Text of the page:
So why would i ask for an R&R?

  1. If I think the genre should be different. This often happens when the book is presented as YA and women’s fiction or as romantic suspense and I see it more as a thriller. In this case, I want to see how to it done.
  2. If the writing is great, but the voice is off.  This can happen when I really, really love something, but the voice is  really uneven, without it being plot-related. In this case, it is going to be an edit that will go through several rounds and be a lot of work, so I want to see how the writer edits and if we would work well together.
  3. If I really see the potential of a project Sometimes, a book just isn’t there yet. There is a major plot issue, the writing isn’t strong enough, characters aren’t well-defined enough,etc. But there are times that happens and I can see what I think needs to be done for it to become great. In those cases, I’ll write a long email with suggestions and let them know if they do a major revision, i’d love to take another look.

I don’t do R&Rs that often because they can be frustrating. Agents put in a lot of time talking to the author or writing up editorial notes, then it goes out to a lot of agents and sometimes the agent who did the R&R doesn’t get the book. On the other hand, sometimes the R&R doesn’t work, but as an agent you can feel really bad having to pass on something you asked for.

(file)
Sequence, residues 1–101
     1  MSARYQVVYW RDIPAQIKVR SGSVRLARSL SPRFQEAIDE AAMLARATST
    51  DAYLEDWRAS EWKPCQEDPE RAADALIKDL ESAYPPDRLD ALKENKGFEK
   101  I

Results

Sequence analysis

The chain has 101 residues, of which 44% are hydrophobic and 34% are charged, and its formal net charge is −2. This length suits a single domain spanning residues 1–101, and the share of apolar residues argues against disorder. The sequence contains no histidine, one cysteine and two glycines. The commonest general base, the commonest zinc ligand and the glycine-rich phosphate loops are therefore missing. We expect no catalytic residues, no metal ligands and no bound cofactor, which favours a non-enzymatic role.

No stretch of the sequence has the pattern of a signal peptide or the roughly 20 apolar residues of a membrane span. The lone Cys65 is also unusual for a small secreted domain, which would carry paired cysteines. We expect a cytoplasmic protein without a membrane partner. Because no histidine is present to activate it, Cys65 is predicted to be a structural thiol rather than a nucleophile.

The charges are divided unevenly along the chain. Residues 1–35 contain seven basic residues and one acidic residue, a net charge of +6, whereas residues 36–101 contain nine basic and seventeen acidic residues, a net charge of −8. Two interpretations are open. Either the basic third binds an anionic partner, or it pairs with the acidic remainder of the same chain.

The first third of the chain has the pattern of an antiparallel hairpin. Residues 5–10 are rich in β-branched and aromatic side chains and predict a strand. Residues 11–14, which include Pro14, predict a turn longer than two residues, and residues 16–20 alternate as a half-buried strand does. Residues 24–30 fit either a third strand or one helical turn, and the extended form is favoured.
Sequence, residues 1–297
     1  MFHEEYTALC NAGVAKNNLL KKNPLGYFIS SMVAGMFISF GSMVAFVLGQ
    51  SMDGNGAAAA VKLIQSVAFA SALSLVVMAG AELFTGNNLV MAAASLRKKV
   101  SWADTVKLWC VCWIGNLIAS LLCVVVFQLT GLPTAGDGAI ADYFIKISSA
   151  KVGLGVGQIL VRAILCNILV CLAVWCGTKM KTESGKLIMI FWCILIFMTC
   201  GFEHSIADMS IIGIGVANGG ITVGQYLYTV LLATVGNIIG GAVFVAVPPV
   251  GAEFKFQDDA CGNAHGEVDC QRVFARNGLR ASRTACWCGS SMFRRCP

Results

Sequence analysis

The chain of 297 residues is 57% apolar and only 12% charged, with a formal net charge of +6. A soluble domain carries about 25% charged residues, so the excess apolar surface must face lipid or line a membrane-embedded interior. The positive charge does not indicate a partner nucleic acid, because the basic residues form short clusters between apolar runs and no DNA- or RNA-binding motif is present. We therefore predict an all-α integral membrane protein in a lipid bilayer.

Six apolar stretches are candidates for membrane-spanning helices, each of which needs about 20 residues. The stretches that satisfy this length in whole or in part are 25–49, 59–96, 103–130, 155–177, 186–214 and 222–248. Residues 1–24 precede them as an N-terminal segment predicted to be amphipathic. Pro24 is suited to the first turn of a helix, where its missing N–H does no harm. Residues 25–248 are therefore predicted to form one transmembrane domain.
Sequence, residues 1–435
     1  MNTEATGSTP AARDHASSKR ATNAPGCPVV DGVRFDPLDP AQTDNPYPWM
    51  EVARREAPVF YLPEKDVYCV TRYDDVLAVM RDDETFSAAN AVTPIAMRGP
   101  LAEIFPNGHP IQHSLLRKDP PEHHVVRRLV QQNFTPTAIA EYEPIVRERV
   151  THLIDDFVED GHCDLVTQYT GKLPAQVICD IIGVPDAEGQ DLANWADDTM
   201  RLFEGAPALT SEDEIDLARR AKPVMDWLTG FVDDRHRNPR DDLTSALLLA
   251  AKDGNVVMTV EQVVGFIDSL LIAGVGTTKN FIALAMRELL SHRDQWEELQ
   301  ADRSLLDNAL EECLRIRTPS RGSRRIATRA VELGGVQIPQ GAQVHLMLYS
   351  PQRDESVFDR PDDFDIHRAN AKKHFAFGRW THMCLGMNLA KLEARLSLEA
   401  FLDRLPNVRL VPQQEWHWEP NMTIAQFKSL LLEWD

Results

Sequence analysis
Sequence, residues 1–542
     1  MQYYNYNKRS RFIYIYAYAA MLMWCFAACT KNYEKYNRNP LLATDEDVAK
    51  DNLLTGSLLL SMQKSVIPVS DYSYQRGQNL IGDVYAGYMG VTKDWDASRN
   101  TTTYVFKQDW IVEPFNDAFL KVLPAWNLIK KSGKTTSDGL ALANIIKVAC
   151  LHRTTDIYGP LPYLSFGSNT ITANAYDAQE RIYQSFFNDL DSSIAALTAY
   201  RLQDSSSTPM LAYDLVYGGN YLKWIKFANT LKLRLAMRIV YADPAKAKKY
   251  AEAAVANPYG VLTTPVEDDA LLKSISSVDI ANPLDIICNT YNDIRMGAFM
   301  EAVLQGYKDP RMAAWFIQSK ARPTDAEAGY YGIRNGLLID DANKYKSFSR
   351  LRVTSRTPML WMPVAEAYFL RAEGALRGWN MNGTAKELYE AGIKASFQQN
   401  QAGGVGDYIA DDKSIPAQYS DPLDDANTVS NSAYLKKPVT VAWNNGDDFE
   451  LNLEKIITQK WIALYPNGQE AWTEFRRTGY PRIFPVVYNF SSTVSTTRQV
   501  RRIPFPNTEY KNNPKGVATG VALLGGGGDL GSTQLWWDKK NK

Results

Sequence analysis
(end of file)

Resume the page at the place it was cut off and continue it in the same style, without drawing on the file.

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2016 Query Statistics

Posted by Caitie F on August 18, 2016

I have been neglecting this poor blog far too much this year, because it has been such a busy year!

I am going to try to be better these last few months. So to jump back in, I wanted to share my query statistic for 2016 – as I type this, I have 25 unread queries in my inbox. These numbers do not include requested materials from conferences, but I have not made any offers on anything from conferences so far this year.

Queries Responded to: 2,451

Partials requested: 179, which is 7.3%

Full manuscripts requested, from those partials for the most part: 21, which is .85% of all queries sent

Offers made: 5, which is .2% of all queries sent. (two of those people are with fabulous agents who are not me)

What genres am I requesting most? I have those stats too! This isn’t saying I don’t want things that are at the lower end of requests, usually it just means i am VERY picky on those genres.

YA contemporary 34
YA fantasy 28
YA science fiction 27
women’s fiction 24
MG contemporary 12
MG fantasy 6
YA mystery 6
LGBTQ romance 6
romance 6
MG historical 4
MG science fiction 4
historical fiction 4
thriller 4
MG horror 3
YA historical 3
mystery 3
MG mystery 2
nonfiction 2
memoir 1

Now to the less fun statistics. People who did not follow my submission guidelines  (included pages, sent attachments) or sent genres I don’t represent at all (picture books, chapter books, adult SFF, literary fiction mostly):

306 writers didn’t follow my guidelines. That is 12.4%

126 writers, 5.1%, submitted things I do not represent.

So those are my statistics! Be on the lookout for more here soon – I have a few in the works right now: What I might ask in the call, R&Rs, thoughts on #ownvoice. And I am going to be gushing about my favorite book of the year early next week.